Great Imitator

There is an unacknowledged epidemic occurring around the world. Lyme disease is the fasted growing infectious disease and most common vector-borne illness in Canada and United States. It is often misunderstood, misdiagnosed and mistreated.

Lyme disease is caused by the bacterium Borrelia burgdorferi which is transmitted to humans by the bite of an infected black-legged tick, commonly known as the “deer tick”. The infected ticks can also carry many other bacteria.

The shared experiences of those who have been misdiagnosed are featured in the news daily. Clinically only 20% of those bitten by a tick present the classic bulls eye rash therefore prevention is key. Children and adolescents are at a higher risk for getting Lyme disease because they spend more time in areas where they might encounter a tick bite. When Lyme disease is misdiagnosed and goes untreated in children, it has a profound, devastating impact on a child’s well being. Pediatric presentations are acute personality changes or regression (literally over a weekend), anxiety, OCD, rage or excessive emotional reactions.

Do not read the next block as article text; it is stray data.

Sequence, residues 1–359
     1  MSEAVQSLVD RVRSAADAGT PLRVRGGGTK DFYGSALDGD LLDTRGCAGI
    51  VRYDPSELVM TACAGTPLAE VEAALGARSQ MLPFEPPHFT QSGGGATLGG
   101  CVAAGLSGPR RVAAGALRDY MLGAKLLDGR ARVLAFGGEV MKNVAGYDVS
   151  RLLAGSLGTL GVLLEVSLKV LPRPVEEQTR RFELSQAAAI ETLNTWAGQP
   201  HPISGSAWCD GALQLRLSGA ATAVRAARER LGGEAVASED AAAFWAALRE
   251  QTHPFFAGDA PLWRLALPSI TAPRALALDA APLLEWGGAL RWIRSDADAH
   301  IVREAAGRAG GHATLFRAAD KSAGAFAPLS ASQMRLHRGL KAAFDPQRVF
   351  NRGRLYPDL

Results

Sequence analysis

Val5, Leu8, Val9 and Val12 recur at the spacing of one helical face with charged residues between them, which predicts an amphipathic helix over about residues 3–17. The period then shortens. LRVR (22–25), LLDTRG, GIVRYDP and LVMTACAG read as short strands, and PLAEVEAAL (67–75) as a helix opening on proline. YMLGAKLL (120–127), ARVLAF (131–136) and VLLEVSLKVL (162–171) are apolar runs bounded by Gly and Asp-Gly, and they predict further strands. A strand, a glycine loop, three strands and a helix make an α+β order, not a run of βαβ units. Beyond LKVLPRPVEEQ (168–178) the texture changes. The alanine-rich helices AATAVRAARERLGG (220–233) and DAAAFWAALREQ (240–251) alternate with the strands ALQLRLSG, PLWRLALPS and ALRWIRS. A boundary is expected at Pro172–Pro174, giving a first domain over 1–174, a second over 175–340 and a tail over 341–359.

Top 5 tick habitat precautions:

  1. Wear long pants and long-sleeved shirts. Tuck your pants into your socks to prevent ticks from getting inside your pants.
  2. Apply insect repellent to your skin and clothing, especially at the openings such as ankles, wrists and neck.
  3. Check your clothes for ticks often. Ticks will climb upwards until they find an area of exposed skin.
  4. Wear light coloured clothing to make it easier to spot ticks.
  5. When walking on path ways or trails stay in the center. Avoid low-lying brush or long grass. Do a full body check when home and throw your clothes right into the dryer for 15 minutes, not the washer where ticks will survive. Ticks are very susceptible to dry heat.

Safe tick removal methods Tick Removal Tool/Kit … to order Tick Kit for Proper Removal and for more removal methods go to Canlyme.com.

If you already have a pair of fine pointed tweezers, and a steady hand, you can grasp the mouthparts of the tick, NOT the body of the tick, and slowly pull the tick straight out. Do not use any other methods, such as lavender oil. There are reports of the tick releasing all the toxins into skin as its head comes out.

After a tick has been removed, it’s important to wash the bite site using soap and water, followed with an antiseptic. If the tick that bit you is a Lyme-carrying species, don’t wait to develop symptoms. Go to your doctor and request antibiotics as a precaution.

For Lyme support supplements visit lymeproducts.ca and for further Lyme Disease information visit www.canlyme.com

Maria Musitano, B.Sc.Pharm,

Compounding Pharmacist

Concession Medical Pharmacy info@concessionmedical.ca

Providing a Fresh Perspective for Burlington and Hamilton.

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